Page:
Twice: Once at this time, and another time upon a like occasion, 1 Samuel 19:10.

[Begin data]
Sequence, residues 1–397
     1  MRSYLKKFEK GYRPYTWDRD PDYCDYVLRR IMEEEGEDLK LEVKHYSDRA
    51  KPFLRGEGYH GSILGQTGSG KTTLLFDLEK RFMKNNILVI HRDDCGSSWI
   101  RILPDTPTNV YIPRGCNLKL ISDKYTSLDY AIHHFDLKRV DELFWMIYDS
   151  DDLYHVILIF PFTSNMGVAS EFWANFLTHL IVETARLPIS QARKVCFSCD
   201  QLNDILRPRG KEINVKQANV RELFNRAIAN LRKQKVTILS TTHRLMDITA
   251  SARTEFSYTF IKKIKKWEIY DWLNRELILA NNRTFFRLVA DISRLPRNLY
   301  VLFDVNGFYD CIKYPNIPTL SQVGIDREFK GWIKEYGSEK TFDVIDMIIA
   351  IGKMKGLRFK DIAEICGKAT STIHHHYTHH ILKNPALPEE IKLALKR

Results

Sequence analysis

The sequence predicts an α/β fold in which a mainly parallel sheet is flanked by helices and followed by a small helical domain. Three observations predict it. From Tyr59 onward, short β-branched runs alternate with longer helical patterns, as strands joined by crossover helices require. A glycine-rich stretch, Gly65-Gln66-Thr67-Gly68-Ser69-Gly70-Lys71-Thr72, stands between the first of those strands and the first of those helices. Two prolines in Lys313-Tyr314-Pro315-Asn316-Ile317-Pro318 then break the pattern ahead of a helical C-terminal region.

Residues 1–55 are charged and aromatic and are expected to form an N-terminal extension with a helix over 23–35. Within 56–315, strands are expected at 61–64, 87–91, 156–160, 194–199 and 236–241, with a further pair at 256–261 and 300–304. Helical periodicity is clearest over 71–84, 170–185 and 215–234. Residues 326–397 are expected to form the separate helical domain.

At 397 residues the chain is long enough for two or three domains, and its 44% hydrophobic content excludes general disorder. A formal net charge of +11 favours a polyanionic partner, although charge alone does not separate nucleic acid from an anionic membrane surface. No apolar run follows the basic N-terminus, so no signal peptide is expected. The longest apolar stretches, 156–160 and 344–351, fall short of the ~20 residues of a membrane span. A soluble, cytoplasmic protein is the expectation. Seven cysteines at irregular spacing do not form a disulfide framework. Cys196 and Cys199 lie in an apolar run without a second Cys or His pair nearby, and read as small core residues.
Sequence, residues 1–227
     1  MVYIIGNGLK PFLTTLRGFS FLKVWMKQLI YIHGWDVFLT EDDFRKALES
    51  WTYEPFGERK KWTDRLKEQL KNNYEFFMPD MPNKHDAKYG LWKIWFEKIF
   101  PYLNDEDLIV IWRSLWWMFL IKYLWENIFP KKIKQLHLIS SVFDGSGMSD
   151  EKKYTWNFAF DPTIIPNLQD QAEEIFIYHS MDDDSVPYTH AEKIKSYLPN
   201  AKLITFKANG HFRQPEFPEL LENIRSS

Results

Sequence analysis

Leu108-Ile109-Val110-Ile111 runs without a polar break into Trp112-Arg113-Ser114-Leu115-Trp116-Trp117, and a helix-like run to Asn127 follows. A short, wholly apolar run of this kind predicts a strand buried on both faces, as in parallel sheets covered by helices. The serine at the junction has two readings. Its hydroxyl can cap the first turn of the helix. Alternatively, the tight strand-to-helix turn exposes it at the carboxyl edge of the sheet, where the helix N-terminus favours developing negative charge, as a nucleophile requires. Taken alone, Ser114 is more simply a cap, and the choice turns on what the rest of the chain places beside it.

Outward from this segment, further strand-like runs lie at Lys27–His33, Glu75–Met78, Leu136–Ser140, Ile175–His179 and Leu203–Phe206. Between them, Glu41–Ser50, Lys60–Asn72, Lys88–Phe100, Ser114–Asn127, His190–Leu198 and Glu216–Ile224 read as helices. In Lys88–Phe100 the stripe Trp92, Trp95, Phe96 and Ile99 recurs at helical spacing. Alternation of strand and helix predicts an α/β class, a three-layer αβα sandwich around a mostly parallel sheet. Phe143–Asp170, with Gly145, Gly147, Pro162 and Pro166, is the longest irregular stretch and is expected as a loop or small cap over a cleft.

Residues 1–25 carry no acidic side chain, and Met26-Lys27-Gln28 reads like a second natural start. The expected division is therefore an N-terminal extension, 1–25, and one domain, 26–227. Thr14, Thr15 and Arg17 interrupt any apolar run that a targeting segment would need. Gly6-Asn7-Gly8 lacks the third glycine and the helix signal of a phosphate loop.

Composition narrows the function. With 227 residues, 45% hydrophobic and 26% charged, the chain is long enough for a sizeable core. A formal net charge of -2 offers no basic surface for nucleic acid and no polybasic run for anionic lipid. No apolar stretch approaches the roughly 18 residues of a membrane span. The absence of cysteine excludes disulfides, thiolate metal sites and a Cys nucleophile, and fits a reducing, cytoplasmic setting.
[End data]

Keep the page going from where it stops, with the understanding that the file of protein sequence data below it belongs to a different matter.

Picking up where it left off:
Hebrew: וַיִּ֙חַר לְשָׁא֜וּל מְאֹ֗ד וַיֵּ֤רַע בְּעֵינָיו֙ הַדָּבָ֣ר הַזֶּ֔ה וַיֹּ֗אמֶר נָתְנ֤וּ לְדָוִד֙ רְבָב֔וֹת וְלִ֥י נָתְנ֖וּ הָאֲלָפִ֑ים וְע֥וֹד ל֖וֹ אַ֥ךְ הַמְּלוּכָֽה׃  Hebrew: וַיֵּ֤רַע בְּעֵינָיו֙.  Gnæus Domitius Corbulo (7-67) was a popular Roman general, brother-in-law of Caligula, father-in-law of Domitian. Nero, fearing Corbulo’s popularity, ordered him to commit suicide, which Corbulo did undaunted.  Gnæus Julius Agricolo (40-93) was a popular Roman general, responsible for much of the conquest of Britain. Later he served as governor of Britannia. In 85, he was recalled by Domitiian, and never employed again in such services, in spite of his success.  Gaius Plinius Cæcilius Secundus (61-112), or Pliny the Younger, was a lawyer and natural philosopher, eventually serving as imperial governor of Bithynia-Pontus. Pliny’s Panegyricus Traiani is his only surviving oration, in which he highlights Trajan’s virtues by contrasting them with Domitian’s vices.  It appears that there is an ellipsis of אַף/anger/nose in both passages.  Hebrew: וַיְהִ֥י שָׁא֖וּל עָוֹ֣ן אֶת־דָּוִ֑ד מֵהַיּ֥וֹם הַה֖וּא וָהָֽלְאָה׃  Thus some manuscripts.  Ovid, Metamorphoses 2:447. Publius Ovidius Naso (43 BC-17 AD) was a Roman poet.  The Qere.  The active participle is sometimes called a Benoni. It can be treated as a verb or a noun, depending upon context. בֵּינוֹנִי/Benoni signifies central or middle, standing between the past and future tenses.  Hebrew: וַיְהִ֣י מִֽמָּחֳרָ֗ת וַתִּצְלַ֣ח רוּחַ֩ אֱלֹהִ֙ים׀ רָעָ֤ה׀ אֶל־שָׁאוּל֙ וַיִּתְנַבֵּ֣א בְתוֹךְ־הַבַּ֔יִת וְדָוִ֛ד מְנַגֵּ֥ן בְּיָד֖וֹ כְּי֣וֹם׀ בְּי֑וֹם וְהַחֲנִ֖ית בְּיַד־שָׁאֽוּל׃ נבא can signify to prophesy, or to bubble up. Limfari, or lymphari, can signify to be diluted with water, or to be driven mad.  The Mænads were the female followers of Dionysus. They are frequently portrayed as prophesying in an ecstatic frenzy.  The Sibyls were prophetesses of Ancient Greece, usually attached to holy sites. Æneas consults the Cumæan Sibyl, located near Naples. She is said to have bartered the Sibylline books to the last king of Rome, Tarquinius Superbus.  Hebrew: וַיָּ֤טֶל שָׁאוּל֙ אֶֽת־הַחֲנִ֔ית וַיֹּ֕אמֶר אַכֶּ֥ה בְדָוִ֖ד וּבַקִּ֑יר וַיִּסֹּ֥ב דָּוִ֛ד מִפָּנָ֖יו פַּעֲמָֽיִם׃  Hebrew: וַיִּסֹּ֥ב דָּוִ֛ד מִפָּנָ֖יו פַּעֲמָֽיִם׃.